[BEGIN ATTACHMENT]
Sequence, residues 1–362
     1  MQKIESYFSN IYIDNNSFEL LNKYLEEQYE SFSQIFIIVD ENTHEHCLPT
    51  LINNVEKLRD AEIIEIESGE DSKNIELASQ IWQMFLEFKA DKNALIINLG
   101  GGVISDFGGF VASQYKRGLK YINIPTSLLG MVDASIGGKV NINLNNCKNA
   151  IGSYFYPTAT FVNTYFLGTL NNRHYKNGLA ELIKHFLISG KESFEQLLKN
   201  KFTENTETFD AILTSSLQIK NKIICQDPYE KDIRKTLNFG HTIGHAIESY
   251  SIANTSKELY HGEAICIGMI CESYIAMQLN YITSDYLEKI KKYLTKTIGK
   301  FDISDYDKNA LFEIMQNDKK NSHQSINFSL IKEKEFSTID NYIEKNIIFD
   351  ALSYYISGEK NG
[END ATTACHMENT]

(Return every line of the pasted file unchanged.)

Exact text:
Sequence, residues 1–362
     1  MQKIESYFSN IYIDNNSFEL LNKYLEEQYE SFSQIFIIVD ENTHEHCLPT
    51  LINNVEKLRD AEIIEIESGE DSKNIELASQ IWQMFLEFKA DKNALIINLG
   101  GGVISDFGGF VASQYKRGLK YINIPTSLLG MVDASIGGKV NINLNNCKNA
   151  IGSYFYPTAT FVNTYFLGTL NNRHYKNGLA ELIKHFLISG KESFEQLLKN
   201  KFTENTETFD AILTSSLQIK NKIICQDPYE KDIRKTLNFG HTIGHAIESY
   251  SIANTSKELY HGEAICIGMI CESYIAMQLN YITSDYLEKI KKYLTKTIGK
   301  FDISDYDKNA LFEIMQNDKK NSHQSINFSL IKEKEFSTID NYIEKNIIFD
   351  ALSYYISGEK NG